Format

Send to

Choose Destination
See comment in PubMed Commons below
Ann Intern Med. 2010 Mar 16;152(6):346-57. doi: 10.7326/0003-4819-152-6-201003160-00004.

The effects of salsalate on glycemic control in patients with type 2 diabetes: a randomized trial.

Author information

  • 1Joslin Diabetes Center and Harvard Medical School, Boston, Massachusetts 02215, USA.

Abstract

BACKGROUND:

Salsalate, a nonacetylated prodrug of salicylate, has been shown to decrease blood glucose concentration in small studies.

OBJECTIVE:

To compare the efficacy and safety of salsalate at different doses in patients with type 2 diabetes.

DESIGN:

Parallel randomized trial with computer-generated randomization and centralized allocation. Patients and investigators, including those assessing outcomes and performing analyses, were masked to group assignment. (ClinicalTrials.gov registration number: NCT00392678)

SETTING:

3 private practices and 14 universities in the United States.

PATIENTS:

Persons aged 18 to 75 years with fasting plasma glucose concentrations of 12.5 mmol/L or less (< or = 225 mg/dL) and hemoglobin A1c (HbA1c) levels of 7.0% to 9.5% treated by diet, exercise, and oral medication at stable doses for at least 8 weeks.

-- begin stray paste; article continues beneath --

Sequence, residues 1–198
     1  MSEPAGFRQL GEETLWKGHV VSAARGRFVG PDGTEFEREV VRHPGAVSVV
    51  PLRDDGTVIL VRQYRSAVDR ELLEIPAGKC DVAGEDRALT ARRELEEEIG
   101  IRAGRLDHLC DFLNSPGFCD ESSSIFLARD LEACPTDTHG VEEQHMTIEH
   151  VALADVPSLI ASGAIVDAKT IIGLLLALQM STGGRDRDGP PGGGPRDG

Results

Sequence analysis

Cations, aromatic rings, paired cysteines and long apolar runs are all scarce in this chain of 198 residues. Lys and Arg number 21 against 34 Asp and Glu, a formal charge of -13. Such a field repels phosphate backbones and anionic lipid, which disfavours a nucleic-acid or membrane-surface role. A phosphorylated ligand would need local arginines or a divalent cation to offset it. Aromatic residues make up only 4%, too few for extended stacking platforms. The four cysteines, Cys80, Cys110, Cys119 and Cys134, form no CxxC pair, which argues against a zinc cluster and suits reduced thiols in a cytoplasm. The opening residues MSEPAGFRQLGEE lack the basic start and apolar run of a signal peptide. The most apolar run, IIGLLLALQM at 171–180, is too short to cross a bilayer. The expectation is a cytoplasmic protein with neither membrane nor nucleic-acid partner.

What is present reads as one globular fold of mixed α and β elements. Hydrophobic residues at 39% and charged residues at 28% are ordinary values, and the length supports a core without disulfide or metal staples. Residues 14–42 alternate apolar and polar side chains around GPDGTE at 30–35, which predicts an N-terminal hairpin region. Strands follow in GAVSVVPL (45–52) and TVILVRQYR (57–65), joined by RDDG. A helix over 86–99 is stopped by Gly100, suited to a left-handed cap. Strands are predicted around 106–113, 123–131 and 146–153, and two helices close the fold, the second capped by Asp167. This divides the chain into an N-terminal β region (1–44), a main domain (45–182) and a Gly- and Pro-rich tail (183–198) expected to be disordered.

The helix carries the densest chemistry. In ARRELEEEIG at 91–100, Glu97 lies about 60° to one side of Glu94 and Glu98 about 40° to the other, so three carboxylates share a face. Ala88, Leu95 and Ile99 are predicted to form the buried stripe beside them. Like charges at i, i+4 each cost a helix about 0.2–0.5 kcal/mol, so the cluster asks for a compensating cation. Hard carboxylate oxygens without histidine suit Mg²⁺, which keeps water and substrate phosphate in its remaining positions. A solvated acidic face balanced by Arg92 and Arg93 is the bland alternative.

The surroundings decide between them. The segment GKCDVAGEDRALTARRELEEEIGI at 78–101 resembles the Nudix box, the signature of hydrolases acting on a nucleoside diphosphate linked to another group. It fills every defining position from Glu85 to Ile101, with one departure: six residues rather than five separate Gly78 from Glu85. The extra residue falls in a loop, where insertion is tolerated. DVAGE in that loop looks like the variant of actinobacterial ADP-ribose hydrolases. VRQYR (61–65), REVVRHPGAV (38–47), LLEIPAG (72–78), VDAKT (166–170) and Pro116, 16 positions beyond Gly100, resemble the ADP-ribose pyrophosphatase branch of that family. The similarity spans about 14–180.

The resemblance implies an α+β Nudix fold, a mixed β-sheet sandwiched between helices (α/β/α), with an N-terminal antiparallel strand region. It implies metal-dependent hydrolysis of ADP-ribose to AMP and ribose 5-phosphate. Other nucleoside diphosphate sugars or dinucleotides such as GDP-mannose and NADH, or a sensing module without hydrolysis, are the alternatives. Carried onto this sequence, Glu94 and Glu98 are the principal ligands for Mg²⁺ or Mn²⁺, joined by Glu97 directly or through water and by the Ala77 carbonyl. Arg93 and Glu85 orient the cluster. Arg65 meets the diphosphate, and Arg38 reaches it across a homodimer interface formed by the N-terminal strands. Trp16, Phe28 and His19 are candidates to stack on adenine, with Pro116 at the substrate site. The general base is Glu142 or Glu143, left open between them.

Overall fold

INTERVENTION:

After a 4-week, single-masked run-in period, patients were randomly assigned to receive placebo or salsalate in dosages of 3.0, 3.5, or 4.0 g/d for 14 weeks (27 patients each) in addition to their current therapy.

MEASUREMENTS:

Change in HbA1c was the primary outcome. Adverse effects and changes in measures of coronary risk and renal function were secondary outcomes.

RESULTS:

Higher proportions of patients in the 3 salsalate treatment groups experienced decreases in HbA1c levels of 0.5% or more from baseline (P = 0.009). Mean HbA1c changes were -0.36% (P = 0.02) at 3.0 g/d, -0.34% (P = 0.02) at 3.5 g/d, and -0.49% (P = 0.001) at 4.0 g/d compared with placebo. Other markers of glycemic control also improved in the 3 salsalate groups, as did circulating triglyceride and adiponectin concentrations. Mild hypoglycemia was more common with salsalate; documented events occurred only in patients taking sulfonylureas. Urine albumin concentrations increased in all salsalate groups compared with placebo. The drug was otherwise well tolerated.

LIMITATION:

The number of patients studied and the trial duration were insufficient to warrant recommending the use of salsalate for type 2 diabetes at this time.

CONCLUSION:

Salsalate lowers HbA1c levels and improves other markers of glycemic control in patients with type 2 diabetes and may therefore provide a new avenue for treatment. Renal and cardiac safety of the drug require further evaluation.

PRIMARY FUNDING SOURCE:

National Institute of Diabetes and Digestive and Kidney Diseases, National Institutes of Health.

[PubMed - indexed for MEDLINE]
Free PMC Article
PubMed Commons home

PubMed Commons

0 comments
How to join PubMed Commons

    Supplemental Content

    Full text links

    Icon for Silverchair Information Systems Icon for PubMed Central
    Loading ...
    Write to the Help Desk